Philip Barker ©ITG

This week at the Association of National Olympic Committees (ANOC) General Assembly in Seoul, there were heated exchanges as the debate on the readmission of Russia to international sport reached a crescendo.

As revealed by insidethegames, the British Olympic Association declined to attend the ANOC General Assembly in protest at the presence of officials from Russia and Danish delegates walked out on an address by an official.

Russian participation in major international sport had been suspended in the wake of the invasion of Ukraine, shortly after the Beijing 2022 Winter Olympics.

In a U-turn shortly before the Winter Paralympic Games in Beijing, International Paralympic Committee (IPC) President Andrew Parsons spoke of threats of a boycott if the Russians were allowed to compete and suggested they would not be a "viable" Games.

He hinted at hostility in the athletes village if Russian athletes came face to face with those from Ukraine or other nations.

International Paralympic Committee President Andrew Parsons insisted the ban on Russia and Belarus was necessary to protect the
International Paralympic Committee President Andrew Parsons insisted the ban on Russia and Belarus was necessary to protect the "viability" of the Games ©Getty Images

It was a scenario that did come to pass at the Melbourne 1956 Olympics which took place only days after Russian tanks were ordered onto the streets of the Hungarian capital Budapest.

In 1956, Hungary was part of an 'Eastern bloc' in the Soviet sphere of influence behind what had been described as an "Iron Curtain".

Earlier in the year, Soviet leader Nikita Khrushchev had made a speech in which he denounced the brutality of the previous era under the much feared and hated former Soviet leader Joseph Stalin.

Although it was known as the "secret speech" it is thought to have prompted moves for some degree of liberalisation in Hungary.

On this very weekend 66 years ago, students in Budapest had demanded an "independent Hungarian internal and foreign policy to represent the best interests of the nation".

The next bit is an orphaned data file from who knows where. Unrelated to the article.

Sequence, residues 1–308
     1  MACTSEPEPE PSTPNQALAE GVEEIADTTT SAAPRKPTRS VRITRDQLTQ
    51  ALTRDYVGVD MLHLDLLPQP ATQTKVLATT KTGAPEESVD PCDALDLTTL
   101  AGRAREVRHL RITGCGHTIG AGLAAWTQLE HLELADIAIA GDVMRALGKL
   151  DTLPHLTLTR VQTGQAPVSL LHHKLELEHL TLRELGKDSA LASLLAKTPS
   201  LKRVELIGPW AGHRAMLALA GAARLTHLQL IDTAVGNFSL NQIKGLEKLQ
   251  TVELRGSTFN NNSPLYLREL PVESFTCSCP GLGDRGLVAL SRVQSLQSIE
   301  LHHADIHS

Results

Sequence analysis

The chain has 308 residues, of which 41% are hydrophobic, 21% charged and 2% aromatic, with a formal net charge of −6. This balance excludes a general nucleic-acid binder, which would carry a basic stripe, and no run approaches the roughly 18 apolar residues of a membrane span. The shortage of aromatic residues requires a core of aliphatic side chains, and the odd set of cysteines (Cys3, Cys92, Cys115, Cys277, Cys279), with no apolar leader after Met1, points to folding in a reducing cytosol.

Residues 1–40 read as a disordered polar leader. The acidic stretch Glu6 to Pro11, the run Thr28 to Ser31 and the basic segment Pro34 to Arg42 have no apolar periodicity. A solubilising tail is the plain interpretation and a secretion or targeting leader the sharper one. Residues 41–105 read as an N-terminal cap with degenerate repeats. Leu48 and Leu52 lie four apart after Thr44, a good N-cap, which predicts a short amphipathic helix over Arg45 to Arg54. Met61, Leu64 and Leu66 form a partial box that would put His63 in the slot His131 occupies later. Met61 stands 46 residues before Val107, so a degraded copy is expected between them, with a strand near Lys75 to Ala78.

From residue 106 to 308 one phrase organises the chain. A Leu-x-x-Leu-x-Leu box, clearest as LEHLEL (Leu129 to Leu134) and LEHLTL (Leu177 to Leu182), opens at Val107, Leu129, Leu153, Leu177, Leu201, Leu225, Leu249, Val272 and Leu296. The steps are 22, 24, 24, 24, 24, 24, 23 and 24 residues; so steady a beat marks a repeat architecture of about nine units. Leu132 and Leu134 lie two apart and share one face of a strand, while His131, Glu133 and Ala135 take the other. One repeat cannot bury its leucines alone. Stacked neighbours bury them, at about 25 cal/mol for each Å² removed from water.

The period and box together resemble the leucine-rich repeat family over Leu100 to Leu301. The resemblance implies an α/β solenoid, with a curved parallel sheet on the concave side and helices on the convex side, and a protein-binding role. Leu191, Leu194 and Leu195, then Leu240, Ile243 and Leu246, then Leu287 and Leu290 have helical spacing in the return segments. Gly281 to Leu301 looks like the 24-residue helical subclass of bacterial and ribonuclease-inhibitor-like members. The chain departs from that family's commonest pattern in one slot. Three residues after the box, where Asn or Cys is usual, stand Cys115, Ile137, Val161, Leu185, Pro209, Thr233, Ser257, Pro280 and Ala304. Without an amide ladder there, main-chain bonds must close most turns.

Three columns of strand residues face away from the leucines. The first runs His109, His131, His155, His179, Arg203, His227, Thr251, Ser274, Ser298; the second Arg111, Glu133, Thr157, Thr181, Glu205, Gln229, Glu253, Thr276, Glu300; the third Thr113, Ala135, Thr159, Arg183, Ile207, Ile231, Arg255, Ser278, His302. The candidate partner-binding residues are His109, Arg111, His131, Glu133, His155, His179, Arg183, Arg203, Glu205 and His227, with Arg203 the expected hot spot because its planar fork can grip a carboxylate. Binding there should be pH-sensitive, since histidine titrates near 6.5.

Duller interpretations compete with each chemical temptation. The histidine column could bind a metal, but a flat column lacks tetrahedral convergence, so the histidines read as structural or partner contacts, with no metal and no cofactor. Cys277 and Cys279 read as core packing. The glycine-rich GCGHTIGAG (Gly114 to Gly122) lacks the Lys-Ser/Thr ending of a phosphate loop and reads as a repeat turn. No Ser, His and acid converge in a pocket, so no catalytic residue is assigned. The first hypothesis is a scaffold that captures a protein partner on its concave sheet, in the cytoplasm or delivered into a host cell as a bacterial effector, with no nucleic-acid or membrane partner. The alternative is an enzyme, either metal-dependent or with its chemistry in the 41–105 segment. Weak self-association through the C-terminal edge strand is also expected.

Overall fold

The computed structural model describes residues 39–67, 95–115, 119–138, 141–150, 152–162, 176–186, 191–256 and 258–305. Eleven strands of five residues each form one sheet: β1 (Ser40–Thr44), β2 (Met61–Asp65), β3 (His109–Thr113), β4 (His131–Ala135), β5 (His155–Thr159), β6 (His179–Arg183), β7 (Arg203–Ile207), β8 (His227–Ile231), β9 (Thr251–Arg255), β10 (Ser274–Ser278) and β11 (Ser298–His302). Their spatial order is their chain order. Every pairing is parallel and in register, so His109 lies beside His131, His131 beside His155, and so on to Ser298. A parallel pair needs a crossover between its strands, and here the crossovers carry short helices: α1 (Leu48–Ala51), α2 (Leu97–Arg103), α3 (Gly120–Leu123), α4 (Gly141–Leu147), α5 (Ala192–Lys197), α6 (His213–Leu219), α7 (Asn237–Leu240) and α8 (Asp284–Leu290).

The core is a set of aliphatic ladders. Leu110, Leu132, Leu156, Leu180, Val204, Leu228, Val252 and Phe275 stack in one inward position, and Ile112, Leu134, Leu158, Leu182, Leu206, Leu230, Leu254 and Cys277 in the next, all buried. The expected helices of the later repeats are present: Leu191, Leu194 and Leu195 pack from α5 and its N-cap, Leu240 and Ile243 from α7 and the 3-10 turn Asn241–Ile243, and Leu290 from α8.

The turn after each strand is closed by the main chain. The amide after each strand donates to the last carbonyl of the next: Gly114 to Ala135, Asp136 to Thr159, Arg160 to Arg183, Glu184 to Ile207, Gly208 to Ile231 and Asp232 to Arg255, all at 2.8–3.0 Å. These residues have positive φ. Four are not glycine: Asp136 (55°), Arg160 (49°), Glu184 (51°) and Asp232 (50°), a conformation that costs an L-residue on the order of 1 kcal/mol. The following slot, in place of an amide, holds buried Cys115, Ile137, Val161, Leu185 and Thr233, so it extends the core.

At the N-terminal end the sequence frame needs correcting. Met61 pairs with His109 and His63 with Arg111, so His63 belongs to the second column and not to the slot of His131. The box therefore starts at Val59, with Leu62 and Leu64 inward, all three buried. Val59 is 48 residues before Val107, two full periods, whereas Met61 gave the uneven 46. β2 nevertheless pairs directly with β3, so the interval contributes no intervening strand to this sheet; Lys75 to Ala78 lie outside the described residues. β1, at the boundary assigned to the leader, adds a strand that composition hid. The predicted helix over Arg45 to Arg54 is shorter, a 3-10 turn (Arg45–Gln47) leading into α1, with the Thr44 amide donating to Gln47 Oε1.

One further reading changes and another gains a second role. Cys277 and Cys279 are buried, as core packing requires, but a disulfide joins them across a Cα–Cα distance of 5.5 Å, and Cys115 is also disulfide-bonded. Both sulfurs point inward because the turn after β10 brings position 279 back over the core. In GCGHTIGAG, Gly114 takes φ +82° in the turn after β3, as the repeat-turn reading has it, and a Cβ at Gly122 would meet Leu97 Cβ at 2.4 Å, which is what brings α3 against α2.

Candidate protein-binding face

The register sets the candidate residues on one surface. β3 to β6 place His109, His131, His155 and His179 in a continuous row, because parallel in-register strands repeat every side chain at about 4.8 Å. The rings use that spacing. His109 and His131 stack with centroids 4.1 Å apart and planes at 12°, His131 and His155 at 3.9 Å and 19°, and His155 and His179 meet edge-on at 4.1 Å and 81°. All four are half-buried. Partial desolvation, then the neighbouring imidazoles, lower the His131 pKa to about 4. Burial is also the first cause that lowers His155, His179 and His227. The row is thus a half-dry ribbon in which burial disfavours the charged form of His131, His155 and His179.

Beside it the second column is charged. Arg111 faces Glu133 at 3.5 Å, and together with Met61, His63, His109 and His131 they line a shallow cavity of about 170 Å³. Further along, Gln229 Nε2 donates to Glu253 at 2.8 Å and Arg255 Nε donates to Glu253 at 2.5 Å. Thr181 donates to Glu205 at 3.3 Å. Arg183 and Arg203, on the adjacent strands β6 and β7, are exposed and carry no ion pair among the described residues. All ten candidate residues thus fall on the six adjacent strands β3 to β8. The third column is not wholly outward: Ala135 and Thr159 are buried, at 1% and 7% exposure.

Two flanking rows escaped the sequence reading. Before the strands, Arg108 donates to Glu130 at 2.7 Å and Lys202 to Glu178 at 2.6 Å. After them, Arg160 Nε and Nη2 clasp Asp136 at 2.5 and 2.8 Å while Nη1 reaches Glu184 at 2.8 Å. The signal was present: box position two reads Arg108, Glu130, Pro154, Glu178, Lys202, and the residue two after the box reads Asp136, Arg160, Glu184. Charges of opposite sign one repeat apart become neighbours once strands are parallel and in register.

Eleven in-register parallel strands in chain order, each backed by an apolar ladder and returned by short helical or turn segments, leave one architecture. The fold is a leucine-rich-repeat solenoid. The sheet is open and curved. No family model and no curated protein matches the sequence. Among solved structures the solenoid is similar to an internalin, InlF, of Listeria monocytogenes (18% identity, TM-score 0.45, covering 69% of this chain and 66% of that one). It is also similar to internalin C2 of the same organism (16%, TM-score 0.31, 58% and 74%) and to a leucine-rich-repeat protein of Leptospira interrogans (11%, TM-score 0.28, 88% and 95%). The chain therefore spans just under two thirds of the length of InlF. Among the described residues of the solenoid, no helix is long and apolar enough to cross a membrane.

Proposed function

They opposed the Soviet-influenced Government and called for the installation of Imre Nagy as the Hungarian leader.

A 15-point document included a call for freedom of travel, an increase in wages, freedom of the press and autonomy for the universities.

A statue of Stalin was pulled down by protesters in Budapest during the 1956 Hungarian uprising ©Getty Images
A statue of Stalin was pulled down by protesters in Budapest during the 1956 Hungarian uprising ©Getty Images

Their calls found a resonance with the public who came onto the streets in large numbers.

Budapest still had many Soviet symbols and a giant bust of Stalin was hauled to the ground by protesters.

Communist chief Ernő Gerő responded in uncompromising terms and the police opened fire, causing casualties.

Although at first, it seemed as though the uprising had succeeded, a few days later Soviet tanks moved onto the streets to restore order.

János Kádár was installed as the new hardline leader of Hungary, Nagy was arrested and eventually executed by the regime.

Many countries condemned the response to the uprising but Western Governments remained hesitant about any military action.

Soviet tanks were ordered onto the streets of Budapest to quell the Hungarian uprising in 1956 ©Getty Images